Life-course transitions, socio-economic status and health behaviours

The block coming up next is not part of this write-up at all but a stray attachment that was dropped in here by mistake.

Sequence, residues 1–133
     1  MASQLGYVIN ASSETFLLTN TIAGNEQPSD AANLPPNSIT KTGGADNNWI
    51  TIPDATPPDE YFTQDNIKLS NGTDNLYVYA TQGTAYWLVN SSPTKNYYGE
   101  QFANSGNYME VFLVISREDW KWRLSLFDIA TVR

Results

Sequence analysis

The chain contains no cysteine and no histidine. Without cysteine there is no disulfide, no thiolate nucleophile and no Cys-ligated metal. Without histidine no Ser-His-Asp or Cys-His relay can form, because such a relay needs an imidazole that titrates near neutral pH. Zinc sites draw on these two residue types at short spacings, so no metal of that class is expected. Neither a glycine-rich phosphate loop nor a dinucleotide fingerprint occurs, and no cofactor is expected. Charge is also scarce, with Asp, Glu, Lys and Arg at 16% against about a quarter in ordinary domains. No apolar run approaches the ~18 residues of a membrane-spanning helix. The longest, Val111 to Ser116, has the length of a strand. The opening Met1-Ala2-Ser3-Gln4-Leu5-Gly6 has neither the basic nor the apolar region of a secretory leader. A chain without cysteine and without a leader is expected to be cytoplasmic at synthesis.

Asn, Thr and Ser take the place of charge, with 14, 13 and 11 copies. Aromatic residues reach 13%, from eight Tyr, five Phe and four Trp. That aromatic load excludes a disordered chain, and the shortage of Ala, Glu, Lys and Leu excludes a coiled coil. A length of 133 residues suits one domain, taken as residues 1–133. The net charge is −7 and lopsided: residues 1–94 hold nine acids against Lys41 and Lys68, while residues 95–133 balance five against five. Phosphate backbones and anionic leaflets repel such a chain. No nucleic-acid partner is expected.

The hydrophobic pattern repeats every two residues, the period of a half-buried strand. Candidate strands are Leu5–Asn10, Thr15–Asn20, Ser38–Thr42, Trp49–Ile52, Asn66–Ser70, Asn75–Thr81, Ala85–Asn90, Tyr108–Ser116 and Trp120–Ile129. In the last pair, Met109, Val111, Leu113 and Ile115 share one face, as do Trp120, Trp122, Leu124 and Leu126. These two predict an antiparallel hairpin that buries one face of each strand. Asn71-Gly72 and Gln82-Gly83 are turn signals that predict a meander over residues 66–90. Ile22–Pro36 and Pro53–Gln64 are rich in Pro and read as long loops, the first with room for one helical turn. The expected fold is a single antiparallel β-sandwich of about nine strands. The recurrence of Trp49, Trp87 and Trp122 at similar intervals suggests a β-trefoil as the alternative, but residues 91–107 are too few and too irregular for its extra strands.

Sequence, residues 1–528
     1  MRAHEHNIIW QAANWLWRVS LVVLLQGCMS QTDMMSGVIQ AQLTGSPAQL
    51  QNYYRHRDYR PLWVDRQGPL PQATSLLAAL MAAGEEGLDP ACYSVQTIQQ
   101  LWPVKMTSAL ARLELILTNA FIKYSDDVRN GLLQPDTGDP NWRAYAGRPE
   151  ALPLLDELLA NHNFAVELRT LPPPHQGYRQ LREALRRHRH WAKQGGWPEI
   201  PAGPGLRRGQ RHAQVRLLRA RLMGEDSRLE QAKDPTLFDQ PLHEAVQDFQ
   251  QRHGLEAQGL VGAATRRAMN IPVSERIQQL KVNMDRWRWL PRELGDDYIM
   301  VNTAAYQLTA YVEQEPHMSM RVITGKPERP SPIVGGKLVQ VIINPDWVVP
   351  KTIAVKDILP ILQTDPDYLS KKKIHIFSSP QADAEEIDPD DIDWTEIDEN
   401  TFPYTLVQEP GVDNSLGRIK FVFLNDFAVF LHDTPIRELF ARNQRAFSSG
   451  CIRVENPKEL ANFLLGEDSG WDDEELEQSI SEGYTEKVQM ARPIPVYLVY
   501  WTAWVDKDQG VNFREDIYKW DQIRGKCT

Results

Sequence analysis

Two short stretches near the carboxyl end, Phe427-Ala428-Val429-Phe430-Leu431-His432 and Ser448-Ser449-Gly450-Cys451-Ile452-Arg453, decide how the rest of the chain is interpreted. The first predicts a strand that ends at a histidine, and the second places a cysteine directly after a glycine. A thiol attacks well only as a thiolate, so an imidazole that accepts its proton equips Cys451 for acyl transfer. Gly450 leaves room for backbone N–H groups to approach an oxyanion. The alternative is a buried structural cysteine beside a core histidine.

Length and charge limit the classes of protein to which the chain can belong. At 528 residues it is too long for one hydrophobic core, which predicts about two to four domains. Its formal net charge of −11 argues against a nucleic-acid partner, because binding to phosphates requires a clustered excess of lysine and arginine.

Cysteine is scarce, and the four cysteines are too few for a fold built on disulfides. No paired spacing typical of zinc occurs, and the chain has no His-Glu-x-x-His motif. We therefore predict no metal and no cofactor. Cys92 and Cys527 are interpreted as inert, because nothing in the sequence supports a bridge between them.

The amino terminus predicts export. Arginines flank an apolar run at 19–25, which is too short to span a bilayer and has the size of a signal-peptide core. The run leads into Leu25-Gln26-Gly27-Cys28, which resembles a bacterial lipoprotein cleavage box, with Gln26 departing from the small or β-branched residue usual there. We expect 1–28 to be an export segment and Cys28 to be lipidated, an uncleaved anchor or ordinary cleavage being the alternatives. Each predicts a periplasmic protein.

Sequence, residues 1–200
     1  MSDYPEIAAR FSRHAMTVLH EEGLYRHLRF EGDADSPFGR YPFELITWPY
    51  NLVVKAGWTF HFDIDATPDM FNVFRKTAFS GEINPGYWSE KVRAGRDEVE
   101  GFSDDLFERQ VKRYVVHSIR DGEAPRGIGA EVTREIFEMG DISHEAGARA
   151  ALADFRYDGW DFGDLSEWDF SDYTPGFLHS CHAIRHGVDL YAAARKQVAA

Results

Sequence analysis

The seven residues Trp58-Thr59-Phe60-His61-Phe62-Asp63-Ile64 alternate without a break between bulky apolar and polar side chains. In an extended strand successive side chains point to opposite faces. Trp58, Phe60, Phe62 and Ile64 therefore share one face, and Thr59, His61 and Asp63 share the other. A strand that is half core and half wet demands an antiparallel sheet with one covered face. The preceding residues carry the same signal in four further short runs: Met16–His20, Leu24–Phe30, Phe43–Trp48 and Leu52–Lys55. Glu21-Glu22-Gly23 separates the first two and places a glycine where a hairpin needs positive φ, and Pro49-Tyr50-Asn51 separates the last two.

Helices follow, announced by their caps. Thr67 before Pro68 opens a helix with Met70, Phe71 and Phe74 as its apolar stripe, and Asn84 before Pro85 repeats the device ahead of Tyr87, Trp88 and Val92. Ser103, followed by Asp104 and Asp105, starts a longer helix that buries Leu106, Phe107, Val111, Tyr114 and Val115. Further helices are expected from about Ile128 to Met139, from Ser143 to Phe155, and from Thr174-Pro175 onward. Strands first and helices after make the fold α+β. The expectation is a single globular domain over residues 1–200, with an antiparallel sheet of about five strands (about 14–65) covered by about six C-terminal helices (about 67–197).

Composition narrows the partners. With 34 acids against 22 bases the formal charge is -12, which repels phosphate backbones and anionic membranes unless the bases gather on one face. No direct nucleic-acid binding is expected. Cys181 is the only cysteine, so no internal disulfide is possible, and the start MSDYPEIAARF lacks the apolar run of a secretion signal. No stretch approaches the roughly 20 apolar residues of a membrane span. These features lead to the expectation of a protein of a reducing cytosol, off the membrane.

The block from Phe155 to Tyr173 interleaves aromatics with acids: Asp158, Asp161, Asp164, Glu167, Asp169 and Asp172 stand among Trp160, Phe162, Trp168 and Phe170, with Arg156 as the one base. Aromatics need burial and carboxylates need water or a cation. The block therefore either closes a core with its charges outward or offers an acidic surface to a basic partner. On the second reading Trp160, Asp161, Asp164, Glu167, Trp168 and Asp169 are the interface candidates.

Different groups of people act in different ways that may affect their health. This may be explained by two mechanisms. Whereas the causation mechanism suggests that people’s socio-economic and socio-demographic positions cause changes in health behaviors, the selection mechanism states that those who behave unhealthily sort into certain socio-economic and socio-demographic positions. In this project, we try to understand these mechanisms by studying what impact life-course transitions, such as divorcing or becoming unemployed, have on health behaviors. We use longitudinal data from the Lifelines study to investigate how life-course transitions impact health behaviors alongside more stable socio-economic characteristics.

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